Consumer prices rise as inflation continues to impact markets

According to latest Consumer Price Index report from the U.S. Bureau of Labor and Statistics, rising shelter costs and fuel prices are propelling inflation above market expectations.

The financial markets are looking closely at inflation numbers on Thursday, with the latest Consumer Price Index (CPI) report from the U.S. Bureau of Labor & Statistics indicating a persistent upward trend in prices.

According to the report, consumer inflation experienced a notable increase of 0.4 percent in September, contributing to a year-on-year rise of 3.7 percent, and slightly exceeding market expectations — which anticipated a reading of 3.6 percent.

September’s CPI report marks a third consecutive month-over-month increase in consumer inflation. The CPI reported a 0.6-percent increase in August as well as a 0.2 percent increase in July 2023. July 2023 was the first month to see a rise in inflation since June 2022.

Notably, shelter costs emerged as the largest contributor to the overall increase in prices, accounting for more than half of the CPI surge. Gasoline prices, too, registered a notable jump of 2.1 percent.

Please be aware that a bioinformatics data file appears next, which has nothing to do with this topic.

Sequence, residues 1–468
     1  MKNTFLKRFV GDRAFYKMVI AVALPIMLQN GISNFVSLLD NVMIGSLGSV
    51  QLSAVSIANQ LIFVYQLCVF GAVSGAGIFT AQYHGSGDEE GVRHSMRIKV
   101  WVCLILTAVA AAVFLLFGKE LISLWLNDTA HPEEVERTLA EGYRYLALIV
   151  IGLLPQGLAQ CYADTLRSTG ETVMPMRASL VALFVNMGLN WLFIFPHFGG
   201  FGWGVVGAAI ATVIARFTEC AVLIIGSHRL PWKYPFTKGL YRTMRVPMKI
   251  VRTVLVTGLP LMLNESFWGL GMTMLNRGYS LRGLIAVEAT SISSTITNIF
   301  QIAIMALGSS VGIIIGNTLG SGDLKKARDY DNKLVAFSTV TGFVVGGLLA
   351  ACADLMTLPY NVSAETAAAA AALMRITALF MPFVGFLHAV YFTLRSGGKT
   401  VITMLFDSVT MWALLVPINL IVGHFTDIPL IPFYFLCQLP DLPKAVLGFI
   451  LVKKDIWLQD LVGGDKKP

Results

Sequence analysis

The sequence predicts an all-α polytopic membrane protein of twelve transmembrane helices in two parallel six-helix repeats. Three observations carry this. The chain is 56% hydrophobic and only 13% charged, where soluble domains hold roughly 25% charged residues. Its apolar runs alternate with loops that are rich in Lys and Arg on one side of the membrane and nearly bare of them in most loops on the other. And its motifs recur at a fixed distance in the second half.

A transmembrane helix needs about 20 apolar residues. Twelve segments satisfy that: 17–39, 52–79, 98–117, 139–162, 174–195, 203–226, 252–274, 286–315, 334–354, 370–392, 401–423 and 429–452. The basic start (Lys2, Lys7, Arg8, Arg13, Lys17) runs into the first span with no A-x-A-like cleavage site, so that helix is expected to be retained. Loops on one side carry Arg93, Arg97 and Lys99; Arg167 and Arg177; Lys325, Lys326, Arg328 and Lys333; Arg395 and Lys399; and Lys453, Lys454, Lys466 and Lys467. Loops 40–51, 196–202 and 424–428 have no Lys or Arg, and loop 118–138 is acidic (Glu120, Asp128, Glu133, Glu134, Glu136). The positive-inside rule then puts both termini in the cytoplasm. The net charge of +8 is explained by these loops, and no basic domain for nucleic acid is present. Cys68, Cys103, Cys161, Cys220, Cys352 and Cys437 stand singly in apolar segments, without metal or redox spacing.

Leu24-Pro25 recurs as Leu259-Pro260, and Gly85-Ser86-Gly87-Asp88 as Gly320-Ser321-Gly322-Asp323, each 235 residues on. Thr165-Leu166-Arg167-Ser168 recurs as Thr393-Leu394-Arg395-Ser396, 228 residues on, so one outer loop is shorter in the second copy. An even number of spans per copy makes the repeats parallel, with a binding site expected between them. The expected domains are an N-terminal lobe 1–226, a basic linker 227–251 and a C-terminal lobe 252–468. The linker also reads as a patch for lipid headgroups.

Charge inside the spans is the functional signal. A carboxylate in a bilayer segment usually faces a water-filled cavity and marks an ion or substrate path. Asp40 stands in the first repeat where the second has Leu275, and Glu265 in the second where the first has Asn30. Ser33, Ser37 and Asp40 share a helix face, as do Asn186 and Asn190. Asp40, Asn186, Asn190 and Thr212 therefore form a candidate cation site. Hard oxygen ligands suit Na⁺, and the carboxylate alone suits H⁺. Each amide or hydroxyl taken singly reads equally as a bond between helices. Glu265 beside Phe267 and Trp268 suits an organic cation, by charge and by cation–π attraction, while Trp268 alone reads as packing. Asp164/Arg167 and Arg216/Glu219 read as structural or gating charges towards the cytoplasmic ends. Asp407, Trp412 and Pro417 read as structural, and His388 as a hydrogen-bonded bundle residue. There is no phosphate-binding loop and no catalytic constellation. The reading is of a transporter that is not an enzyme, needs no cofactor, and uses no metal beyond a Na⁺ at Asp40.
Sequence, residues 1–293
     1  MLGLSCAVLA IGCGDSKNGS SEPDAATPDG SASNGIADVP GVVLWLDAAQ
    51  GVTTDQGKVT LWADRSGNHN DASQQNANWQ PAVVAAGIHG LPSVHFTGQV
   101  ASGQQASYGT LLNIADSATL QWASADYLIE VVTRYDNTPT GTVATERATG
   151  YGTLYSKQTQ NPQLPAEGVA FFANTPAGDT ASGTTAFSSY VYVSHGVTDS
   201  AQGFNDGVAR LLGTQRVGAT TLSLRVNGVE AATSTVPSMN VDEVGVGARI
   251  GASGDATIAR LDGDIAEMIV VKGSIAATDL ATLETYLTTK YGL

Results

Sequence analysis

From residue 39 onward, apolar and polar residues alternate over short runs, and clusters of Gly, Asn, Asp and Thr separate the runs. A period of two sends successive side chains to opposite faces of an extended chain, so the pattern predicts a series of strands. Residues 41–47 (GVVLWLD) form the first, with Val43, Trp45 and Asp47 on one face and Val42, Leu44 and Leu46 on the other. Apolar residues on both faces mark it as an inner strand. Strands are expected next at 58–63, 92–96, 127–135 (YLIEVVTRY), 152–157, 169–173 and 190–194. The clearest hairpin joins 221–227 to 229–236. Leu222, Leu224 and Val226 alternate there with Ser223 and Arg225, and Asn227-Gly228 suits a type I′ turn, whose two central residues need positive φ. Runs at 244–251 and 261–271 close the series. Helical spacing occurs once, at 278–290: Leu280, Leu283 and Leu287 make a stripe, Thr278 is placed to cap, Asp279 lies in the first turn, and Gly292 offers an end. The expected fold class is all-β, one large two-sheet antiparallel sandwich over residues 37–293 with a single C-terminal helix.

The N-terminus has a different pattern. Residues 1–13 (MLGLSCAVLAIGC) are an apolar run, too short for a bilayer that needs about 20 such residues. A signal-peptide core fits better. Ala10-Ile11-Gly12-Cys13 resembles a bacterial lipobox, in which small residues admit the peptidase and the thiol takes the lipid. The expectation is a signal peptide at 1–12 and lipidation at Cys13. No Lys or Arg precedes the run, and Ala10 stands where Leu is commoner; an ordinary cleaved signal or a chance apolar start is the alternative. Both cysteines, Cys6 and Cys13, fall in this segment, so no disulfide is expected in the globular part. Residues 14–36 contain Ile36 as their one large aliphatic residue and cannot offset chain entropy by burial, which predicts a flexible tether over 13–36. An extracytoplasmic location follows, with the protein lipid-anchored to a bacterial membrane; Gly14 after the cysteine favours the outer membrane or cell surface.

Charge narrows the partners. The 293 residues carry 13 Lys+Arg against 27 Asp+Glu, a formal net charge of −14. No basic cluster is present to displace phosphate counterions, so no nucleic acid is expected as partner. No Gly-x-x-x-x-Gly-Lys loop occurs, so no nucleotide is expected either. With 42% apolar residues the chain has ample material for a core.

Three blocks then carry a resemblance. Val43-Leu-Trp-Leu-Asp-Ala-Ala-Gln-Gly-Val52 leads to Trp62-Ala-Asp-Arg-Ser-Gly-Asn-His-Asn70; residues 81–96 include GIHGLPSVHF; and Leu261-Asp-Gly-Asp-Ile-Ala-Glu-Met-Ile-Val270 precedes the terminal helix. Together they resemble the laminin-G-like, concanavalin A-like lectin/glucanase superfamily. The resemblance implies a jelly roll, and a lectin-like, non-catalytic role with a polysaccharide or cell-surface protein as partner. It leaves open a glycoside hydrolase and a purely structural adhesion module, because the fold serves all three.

American Farm Bureau Chief Economist Dr. Roger Cryan shed some light on the implications of this inflationary trend:

“The overall consumer prices are retail prices are up 3.7% from a year ago according to the report that came out this morning,” Cryan noted. “The so-called ‘core inflation,’ which is minus volatile relatively volatile food and energy prices was up 4.1% which is double the Fed’s long-term inflation target at 2%.”

Dr. Cryan further emphasized that, for farmers, the impact of inflation depends on where they’re positioned in the market. Inflation affects consumers, cutting their purchasing power, which, in turn, can negatively impact demand— thus, indirectly affecting farmers. Additionally, he highlighted that rising interest rates could pose a significant challenge for the agricultural sector, as higher short-term rates result in larger expenses for farmers in covering their operating loans. Longer-term higher interest rates can complicate farm investments.

When questioned about future interest rate hikes and their impact, Dr. Cryan expressed hope that the Fed would reconsider.

“With this modestly good inflation news, they may hold off again, and some of the other numbers they get before the meeting at the end of October comes out positive for this decision,” he said. “Maybe we won’t get another increase, and again, I hope.”